Bradie James file photo

LSU linebacker Bradie James holds a football aloft during the Tigers' 28-14 victory over Georgia Tech in the Peach Bowl, Dec. 29, 2000 at the Georgia Dome in Atlanta.

Editor’s note: This is the second of a series of excerpts from The Advocate’s upcoming book, “LSU BY THE NUMBERS,” celebrating the best player (and other greats) to wear each number in Tigers football history. This week: No. 11, Bradie James.

When he was in high school, Bradie James started out playing the trumpet in the band at powerhouse West Monroe, not on the football team. And he wanted to be the next Karl Malone in basketball like the former star at nearby Louisiana Tech, not the next Lawrence Taylor.

But football turned out to be James’ true calling. And he turned out to be one of LSU’s greatest linebackers ever.

“When you looked at him as a middle linebacker, this is what a middle linebacker is supposed to look like,” LSU athletic trainer Jack Marucci said. “He could run, he was smart, he had the character, he had the processing. He was the standard.”

Born in 1981 in Monroe, James was a Parade All-American star at West Monroe before heading south to LSU in 1999. He got to know Lafayette native Trev Faulk during the recruiting process and they decided to attend LSU together, forming one of the program’s best-ever linebacking duos in 2000 and 2001. The latter season resulted in the Tigers’ first SEC championship since 1988.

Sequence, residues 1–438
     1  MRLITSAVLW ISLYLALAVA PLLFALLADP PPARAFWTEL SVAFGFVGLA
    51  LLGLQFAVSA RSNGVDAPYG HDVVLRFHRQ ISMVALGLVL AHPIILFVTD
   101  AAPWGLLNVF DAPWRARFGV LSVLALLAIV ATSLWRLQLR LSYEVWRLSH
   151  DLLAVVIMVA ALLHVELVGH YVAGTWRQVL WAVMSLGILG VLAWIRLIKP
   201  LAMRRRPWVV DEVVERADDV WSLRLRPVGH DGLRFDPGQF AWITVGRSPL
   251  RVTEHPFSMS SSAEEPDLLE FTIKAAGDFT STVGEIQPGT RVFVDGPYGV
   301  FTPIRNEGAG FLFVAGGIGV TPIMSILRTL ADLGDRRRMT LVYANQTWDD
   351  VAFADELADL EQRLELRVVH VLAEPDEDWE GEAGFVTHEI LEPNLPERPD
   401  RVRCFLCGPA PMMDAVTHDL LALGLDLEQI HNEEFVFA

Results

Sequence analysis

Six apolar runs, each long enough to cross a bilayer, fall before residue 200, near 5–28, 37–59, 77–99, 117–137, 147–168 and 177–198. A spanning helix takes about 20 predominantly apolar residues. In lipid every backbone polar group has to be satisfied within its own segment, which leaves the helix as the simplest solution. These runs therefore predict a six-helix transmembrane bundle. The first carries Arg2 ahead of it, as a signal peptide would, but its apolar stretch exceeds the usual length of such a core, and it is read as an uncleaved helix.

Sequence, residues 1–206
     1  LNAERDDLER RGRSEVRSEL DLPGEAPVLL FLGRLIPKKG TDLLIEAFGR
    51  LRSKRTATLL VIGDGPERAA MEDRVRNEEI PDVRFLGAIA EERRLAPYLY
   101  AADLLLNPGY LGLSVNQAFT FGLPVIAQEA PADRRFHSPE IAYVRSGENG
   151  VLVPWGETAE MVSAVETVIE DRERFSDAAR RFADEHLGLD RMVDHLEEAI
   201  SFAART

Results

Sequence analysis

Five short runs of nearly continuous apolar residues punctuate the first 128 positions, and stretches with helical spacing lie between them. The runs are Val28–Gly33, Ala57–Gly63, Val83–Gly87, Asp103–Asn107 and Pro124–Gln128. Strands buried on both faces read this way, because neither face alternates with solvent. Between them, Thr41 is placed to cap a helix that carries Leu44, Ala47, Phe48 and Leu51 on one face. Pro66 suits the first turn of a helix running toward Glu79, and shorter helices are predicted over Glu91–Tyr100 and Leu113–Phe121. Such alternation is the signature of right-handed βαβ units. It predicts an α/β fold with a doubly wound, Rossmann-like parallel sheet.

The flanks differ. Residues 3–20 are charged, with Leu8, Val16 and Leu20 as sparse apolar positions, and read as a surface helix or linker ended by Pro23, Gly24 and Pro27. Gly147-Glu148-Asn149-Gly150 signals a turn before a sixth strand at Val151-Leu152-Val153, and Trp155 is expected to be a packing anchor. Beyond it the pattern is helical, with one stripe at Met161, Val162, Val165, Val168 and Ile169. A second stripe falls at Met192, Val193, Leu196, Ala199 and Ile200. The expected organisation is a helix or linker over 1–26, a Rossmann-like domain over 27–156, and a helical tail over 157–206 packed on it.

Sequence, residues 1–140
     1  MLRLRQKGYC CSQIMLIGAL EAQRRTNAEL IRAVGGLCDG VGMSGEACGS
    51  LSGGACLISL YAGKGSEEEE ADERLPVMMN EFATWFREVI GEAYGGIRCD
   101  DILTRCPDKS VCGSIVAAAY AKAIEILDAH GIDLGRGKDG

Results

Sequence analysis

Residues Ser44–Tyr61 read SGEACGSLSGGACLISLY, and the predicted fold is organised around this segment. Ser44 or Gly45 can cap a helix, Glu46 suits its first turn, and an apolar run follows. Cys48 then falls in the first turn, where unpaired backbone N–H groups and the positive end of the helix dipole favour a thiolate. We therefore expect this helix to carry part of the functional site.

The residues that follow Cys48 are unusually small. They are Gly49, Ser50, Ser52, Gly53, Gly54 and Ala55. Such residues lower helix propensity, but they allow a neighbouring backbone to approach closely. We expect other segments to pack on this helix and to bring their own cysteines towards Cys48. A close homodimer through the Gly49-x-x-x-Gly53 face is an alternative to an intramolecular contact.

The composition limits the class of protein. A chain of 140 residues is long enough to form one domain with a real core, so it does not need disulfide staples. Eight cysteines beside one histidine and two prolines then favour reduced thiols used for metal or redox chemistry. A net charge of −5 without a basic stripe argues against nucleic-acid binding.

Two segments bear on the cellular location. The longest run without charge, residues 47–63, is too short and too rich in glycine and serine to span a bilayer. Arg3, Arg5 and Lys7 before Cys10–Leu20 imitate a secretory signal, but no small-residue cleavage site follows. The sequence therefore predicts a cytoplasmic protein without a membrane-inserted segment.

Faulk left a year early for the NFL after the 2001 season, but James stayed for one more run. What resulted was a season for the ages. He piled up 154 tackles after recording 110 in 2000 and 113 in 2001, besting Albert Richardson’s school record from 1981 by four. James finished with 418 career tackles, second only to Richardson’s 452.

James scooped up an armful of All-American and All-SEC honors after his senior season. Along with his recognition on the field, James was a National Football Foundation National Scholar-Athlete in 2002.

But his years at LSU weren’t all golden. Recruited by Gerry DiNardo, James and Faulk did not jell right away with new coach Nick Saban, a factor in Faulk’s early departure for the NFL. And while he was in college, James had to bury both his parents.

He said he turned to his teammates as family, and that in turn perhaps made him a better player. So did a new bond with Saban, who told him his story of losing his father at a similar age.

“When you have family,” James said in 2019 when he was enshrined in the LSU Athletic Hall of Fame, “you become accountable to them.

“I found my family.”

James lasted into the fourth round of the 2003 NFL Draft before the Dallas Cowboys scooped him up. But he proved to be a durable and dependable linebacker, starting every game for the Cowboys from 2005-10 before wrapping up his NFL career with the Houston Texans in 2012.

Not bad for a guy who once figured he would be anything but a football player.

To pre-order “LSU BY THE NUMBERS” and receive a $10 discount off the $39.95 cover price, please visit The book will be published in November and ships Dec. 4, 2020.

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